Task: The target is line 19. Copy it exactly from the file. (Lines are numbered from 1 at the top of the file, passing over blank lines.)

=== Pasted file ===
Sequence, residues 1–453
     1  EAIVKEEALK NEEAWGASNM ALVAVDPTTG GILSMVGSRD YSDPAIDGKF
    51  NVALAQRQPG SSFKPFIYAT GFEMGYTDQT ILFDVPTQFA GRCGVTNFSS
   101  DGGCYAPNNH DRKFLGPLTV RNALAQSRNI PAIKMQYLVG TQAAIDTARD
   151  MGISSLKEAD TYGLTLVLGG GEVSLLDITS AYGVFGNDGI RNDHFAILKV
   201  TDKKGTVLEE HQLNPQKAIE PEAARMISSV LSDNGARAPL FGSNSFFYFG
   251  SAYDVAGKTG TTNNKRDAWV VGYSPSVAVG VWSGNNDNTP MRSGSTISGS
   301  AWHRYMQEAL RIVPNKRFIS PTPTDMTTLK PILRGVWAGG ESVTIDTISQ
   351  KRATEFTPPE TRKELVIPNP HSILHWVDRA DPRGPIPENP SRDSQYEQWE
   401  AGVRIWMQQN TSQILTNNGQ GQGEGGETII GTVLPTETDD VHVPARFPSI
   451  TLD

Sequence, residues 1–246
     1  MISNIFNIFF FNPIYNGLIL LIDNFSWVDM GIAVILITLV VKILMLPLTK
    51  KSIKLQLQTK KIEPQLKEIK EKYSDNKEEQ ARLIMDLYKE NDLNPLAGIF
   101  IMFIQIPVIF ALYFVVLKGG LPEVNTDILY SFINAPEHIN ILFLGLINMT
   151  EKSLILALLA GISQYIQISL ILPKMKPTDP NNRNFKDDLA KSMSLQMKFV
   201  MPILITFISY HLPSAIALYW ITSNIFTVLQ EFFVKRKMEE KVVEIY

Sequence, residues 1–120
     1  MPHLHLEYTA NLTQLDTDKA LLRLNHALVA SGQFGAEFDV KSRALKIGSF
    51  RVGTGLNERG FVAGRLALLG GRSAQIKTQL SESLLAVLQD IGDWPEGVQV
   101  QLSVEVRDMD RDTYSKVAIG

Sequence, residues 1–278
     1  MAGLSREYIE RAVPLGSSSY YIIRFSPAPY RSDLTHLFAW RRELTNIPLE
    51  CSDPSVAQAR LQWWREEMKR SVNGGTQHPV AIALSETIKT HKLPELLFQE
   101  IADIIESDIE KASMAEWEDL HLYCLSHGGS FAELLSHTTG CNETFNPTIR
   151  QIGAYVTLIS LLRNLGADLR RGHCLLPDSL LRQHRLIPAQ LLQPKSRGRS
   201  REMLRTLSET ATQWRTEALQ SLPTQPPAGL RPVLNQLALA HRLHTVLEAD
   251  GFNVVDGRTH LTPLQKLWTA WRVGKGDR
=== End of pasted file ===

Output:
     1  MPHLHLEYTA NLTQLDTDKA LLRLNHALVA SGQFGAEFDV KSRALKIGSF